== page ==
Iran and Middle East to go 100% renewable by 2030?
Iran can transition to a fully renewable electricity system and financially benefit from it by 2030, according to a recent report.
Researchers at Lappeenranta University of Technology (LUT) have revealed that major oil-producing countries in the Middle East and North Africa (MENA) region could eventually turn their abundant renewable energy resources into lucrative business opportunities in less than two decades.
According to the study, a fully renewable electricity system (100 percent RE) is roughly 50-60 percent cheaper than other emission-free energy options for the MENA region.
To put that into perspective, new nuclear power costs around 110 euros per megawatt hour
Fossil-CCS option costs around 120 euros per megawatt hour. But the cost of the fully renewable energy electricity is around 60–40 euros per megawatt hour, based on financial and technical assumptions of the year 2030.
The cost of wind and solar electricity would reduce further to 37-55 euros per megawatt hour if different energy resources were connected with a super grid that allows the transmission of high volumes of electricity across longer distances. For Iran, the price could go as low as 40-45 euros per megawatt hour. Such low-cost show that the transition of the current fossil-based electricity system towards a fully renewable electricity system can cover all electricity needs in the decades to come.
"The low cost renewable electricity system is a driver for growing standards of living, continued economic growth, in particular also for energy intensive products, and finally more peace," emphasizes Professor Christian Breyer.
Transforming the electricity system fully to renewables for Iran requires 49 gigawatts of solar photovoltaics, 77 gigawatts of wind power and 21 gigawatts of hydropower. Most of the hydropower already exists, but the solar and wind capacities would require new investments. Wind power can be installed in many parts of the country and solar systems in all parts of Iran for an attractive cost. Both technologies can be easily added to the existing energy infrastructure, which is mainly based on flexible fossil natural gas fired power plants plus hydropower.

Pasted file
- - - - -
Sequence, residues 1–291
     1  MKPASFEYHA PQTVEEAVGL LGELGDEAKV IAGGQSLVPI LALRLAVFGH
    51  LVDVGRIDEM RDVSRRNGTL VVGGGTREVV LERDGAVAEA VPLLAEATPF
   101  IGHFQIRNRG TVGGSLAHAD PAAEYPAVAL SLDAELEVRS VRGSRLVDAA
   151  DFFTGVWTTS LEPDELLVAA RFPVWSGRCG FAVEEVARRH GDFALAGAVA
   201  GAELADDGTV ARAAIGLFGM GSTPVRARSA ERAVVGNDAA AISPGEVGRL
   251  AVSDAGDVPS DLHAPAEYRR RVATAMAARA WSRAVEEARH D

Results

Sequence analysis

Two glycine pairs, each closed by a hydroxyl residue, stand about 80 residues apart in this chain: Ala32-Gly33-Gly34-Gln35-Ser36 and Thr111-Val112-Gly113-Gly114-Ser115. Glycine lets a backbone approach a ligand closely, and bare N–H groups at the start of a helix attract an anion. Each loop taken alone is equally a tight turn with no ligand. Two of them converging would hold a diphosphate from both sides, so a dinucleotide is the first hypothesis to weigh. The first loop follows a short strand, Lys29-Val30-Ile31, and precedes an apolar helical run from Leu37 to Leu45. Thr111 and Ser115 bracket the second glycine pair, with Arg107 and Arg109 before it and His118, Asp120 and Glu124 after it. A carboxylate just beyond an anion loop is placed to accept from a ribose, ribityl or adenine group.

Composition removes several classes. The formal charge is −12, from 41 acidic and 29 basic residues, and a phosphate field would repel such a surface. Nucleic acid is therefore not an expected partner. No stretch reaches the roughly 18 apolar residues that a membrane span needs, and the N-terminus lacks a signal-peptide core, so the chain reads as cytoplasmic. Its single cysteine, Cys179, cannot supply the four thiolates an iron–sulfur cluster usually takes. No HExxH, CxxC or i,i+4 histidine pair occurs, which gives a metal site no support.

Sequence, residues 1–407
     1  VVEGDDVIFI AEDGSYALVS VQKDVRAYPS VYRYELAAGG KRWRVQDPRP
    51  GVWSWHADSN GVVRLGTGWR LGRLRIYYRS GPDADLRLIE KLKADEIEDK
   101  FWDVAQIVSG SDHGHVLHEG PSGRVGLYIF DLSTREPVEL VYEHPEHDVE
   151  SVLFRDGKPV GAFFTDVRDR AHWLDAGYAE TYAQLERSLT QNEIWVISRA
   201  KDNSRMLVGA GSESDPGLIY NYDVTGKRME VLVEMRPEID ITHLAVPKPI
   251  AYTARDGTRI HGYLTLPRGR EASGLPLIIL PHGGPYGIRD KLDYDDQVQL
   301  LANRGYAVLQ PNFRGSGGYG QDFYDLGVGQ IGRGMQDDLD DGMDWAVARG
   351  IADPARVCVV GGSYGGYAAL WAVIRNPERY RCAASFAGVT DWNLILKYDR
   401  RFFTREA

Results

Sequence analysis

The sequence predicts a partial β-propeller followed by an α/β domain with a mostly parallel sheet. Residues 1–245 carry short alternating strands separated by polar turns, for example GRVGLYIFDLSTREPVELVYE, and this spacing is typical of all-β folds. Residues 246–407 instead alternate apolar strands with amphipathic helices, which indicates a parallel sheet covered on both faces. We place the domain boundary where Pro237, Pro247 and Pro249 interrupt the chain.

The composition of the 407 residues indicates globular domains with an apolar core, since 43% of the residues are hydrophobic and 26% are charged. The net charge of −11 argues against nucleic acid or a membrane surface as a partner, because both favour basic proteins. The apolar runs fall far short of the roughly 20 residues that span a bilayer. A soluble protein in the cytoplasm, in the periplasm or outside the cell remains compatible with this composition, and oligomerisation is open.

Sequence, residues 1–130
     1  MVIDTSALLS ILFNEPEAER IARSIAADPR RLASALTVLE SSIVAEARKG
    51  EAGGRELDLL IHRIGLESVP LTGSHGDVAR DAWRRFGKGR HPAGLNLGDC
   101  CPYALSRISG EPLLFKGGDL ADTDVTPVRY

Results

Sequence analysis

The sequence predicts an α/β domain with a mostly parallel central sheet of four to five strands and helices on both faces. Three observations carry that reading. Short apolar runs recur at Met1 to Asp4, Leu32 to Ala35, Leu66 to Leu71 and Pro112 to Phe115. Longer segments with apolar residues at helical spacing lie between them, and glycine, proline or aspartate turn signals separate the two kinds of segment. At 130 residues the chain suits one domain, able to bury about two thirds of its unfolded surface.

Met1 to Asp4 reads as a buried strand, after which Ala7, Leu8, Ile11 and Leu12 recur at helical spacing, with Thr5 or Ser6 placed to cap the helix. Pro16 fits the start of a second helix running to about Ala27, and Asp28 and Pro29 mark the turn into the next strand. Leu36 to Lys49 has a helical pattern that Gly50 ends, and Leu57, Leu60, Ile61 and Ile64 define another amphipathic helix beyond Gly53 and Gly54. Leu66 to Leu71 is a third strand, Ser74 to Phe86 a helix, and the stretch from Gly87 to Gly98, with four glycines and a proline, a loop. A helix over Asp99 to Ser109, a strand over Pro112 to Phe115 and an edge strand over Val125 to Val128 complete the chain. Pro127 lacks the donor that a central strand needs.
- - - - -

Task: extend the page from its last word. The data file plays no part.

The scientists also prepared a renewable oil refining scenario in which fossil fuels are replaced by synthetically produced from carbon dioxide, water and electricity. With this so-called power-to-fuel technology, 100% renewable system can still use carbon fuels and chemicals for aviation, materials and medicine. These are the most difficult sectors to decarbonise because batteries are too heavy for powering airplanes and carbon atom is needed in plastics and various chemicals such as solvents and medicine.
"The picture that emerges from that study is that the fossil fuel industry can transform its business to meet the COP21 target of a net zero emission energy system. This requires fundamental change in how we think carbon, but it could potentially open major new business opportunities," says Breyer.